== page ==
Russia Gives Power Burn a Whole New Meaning

Russia Gives Power Burn a Whole New Meaning
'Many see the move as a power play to ratchet up political pressure on European supporters of Ukraine'.

Russia is giving the term ‘power burn’ a whole new meaning by flaring its gas instead of exporting it to Europe via the Nord Stream pipeline.

That’s what energy and environmental geo-analytics company Kayrros stated in a new market note sent to Rigzone, adding that the term is usually used to evoke the burning of natural gas in power plants.

Since June, satellite data from VIIRS and Sentinel-2 processed by Kayrros has shown “abnormally high” flaring from the Portovaya compressor station on the Russian-Finnish border, the entry point for Gazprom’s Nord Stream gas pipeline to Germany, Kayrros outlined. S-2 images suggest flaring likely began when Russia started rationing gas exports in June, “ostensibly for maintenance reasons”, Kayrros noted.

“Many see the move as a power play to ratchet up political pressure on European supporters of Ukraine that depend on Russian gas for their winter needs,” Kayrros said in the note.

“High flaring also suggests Gazprom might prefer to burn gas than to shut-in production, perhaps in the hope that the export cuts will remain temporary,” Kayrros added.

In the note, Kayrros outlined that, faced with reduced Russian gas supplies, Europe continues to import “much more LNG than normal, with the U.S. accounting for most of the increase”.

“Europe has continued to import LNG at unprecedented rates this summer in a bid to make up for reduced exports of Russian piped gas,” Kayrros stated.  

“European LNG imports significantly exceeded the level of previous years in the first half of 2022. They have since remained elevated and have not shown much of the seasonal decline normally seen in the summer,” the company added.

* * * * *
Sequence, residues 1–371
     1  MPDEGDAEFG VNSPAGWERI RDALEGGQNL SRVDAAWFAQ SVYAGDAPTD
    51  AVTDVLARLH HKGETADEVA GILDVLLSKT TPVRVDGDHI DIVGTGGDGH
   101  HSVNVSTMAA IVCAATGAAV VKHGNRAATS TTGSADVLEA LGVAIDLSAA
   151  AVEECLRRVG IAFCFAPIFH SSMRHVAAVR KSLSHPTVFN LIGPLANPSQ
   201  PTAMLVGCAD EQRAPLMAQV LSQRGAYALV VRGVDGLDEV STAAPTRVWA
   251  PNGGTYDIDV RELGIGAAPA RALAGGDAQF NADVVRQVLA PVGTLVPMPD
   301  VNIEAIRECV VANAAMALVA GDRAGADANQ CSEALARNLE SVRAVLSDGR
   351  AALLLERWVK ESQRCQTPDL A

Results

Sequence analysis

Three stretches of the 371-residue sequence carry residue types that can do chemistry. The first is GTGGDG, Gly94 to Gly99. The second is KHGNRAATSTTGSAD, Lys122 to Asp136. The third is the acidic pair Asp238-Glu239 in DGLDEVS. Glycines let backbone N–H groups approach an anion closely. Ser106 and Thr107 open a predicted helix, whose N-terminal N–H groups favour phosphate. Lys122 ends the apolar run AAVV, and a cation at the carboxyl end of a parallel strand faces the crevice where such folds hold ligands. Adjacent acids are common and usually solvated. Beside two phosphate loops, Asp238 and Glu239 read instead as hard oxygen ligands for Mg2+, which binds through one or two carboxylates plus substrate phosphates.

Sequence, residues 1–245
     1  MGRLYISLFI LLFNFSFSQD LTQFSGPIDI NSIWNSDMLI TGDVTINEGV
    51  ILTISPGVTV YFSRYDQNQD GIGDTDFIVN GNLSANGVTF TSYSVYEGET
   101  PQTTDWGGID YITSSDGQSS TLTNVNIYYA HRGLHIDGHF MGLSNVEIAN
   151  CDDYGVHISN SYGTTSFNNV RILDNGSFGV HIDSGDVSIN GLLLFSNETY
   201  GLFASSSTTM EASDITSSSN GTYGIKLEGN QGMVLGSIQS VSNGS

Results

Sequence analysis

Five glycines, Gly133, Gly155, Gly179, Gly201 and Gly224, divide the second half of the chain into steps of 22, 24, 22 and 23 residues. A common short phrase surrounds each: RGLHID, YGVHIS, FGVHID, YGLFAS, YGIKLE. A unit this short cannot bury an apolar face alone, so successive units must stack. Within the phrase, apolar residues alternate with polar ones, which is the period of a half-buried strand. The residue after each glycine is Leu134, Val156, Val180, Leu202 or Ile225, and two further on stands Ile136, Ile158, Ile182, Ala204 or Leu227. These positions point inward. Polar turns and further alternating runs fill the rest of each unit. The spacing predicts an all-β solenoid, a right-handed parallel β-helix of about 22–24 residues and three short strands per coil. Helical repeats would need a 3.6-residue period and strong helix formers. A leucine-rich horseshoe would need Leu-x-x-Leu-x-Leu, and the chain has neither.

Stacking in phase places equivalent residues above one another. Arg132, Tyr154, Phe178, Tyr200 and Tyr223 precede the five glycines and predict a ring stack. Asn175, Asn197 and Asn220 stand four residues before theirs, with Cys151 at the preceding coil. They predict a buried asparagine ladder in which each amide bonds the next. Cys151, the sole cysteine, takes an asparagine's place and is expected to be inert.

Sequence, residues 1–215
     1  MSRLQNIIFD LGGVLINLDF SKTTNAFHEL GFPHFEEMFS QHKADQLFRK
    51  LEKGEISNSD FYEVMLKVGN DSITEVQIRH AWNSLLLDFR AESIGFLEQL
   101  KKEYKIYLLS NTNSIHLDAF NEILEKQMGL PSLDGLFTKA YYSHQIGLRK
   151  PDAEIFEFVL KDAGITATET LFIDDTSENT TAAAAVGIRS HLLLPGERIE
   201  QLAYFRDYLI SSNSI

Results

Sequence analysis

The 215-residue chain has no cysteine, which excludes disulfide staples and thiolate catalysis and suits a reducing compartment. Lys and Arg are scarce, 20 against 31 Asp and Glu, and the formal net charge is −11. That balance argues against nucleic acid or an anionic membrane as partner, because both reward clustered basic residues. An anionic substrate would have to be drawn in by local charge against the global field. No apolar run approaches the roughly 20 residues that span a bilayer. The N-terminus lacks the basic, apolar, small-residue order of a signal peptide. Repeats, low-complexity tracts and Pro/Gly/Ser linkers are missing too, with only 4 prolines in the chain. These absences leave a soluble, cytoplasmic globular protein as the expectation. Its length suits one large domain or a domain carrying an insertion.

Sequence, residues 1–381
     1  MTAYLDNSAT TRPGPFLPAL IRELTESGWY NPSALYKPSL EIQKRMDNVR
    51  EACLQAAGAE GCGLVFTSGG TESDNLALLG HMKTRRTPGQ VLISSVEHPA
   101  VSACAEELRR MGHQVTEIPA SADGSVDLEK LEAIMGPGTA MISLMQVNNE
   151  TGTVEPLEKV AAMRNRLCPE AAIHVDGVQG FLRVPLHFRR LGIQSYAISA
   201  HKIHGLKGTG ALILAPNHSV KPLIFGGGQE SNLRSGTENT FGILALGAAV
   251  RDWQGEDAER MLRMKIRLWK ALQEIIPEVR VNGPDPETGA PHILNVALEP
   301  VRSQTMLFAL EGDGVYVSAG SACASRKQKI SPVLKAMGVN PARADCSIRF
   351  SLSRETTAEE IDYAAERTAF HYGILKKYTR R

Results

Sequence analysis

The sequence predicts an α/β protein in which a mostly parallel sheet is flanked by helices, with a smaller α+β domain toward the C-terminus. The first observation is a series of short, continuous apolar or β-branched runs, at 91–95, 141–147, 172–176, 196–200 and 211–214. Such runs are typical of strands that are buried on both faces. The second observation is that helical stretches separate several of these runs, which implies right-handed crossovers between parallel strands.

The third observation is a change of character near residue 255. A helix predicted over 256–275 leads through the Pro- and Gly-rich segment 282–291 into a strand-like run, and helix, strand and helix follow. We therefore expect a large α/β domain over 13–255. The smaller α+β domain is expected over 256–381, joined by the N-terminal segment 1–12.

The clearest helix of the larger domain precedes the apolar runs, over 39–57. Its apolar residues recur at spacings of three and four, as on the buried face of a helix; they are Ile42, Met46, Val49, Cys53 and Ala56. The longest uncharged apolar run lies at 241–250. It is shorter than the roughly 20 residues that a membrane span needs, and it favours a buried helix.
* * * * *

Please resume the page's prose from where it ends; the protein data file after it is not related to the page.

If Nord Stream 1 Flows Cut to Nil

If Nord Stream 1 flows are cut to nil, absent demand destruction, European gas inventories would be exhausted by year-end, BofA Global Research stated in a report sent to Rigzone recently.

“More worryingly, even at 20 percent NS1 capacity utilization (equal to current flows), we project the same outcome just one winter later in 2023/2024,” BofA Global Research added in the report.

“While NS1 used to deliver ~10 percent of Europe’s gas demand and carried ~35 percent of Russian piped exports as of 2021, we believe minimum 2022 levels implied by Europe’s take-or-pay contracts with Gazprom could be serviced without any flows from NS1,” the company continued.

BofA Global Research highlighted in the report that a 10 percent gas demand reduction year on year across the first half of 2022 has contributed to restoring current European gas inventory levels to five-year averages from record lows in January.

“We believe further demand destruction in Europe will be necessary to fill storage to targeted levels (90 percent) and avoid inventory depletion into next winter,” BofA Global Research stated in the report.

“Without any NS1 flows, we believe demand destruction will have to annualize near 10 percent. We believe most of this will likely come from the more price-elastic non-heating demand in power generation and industrial consumption - of which >20 percent may have to be permanently destroyed,” BofA Global Research added.

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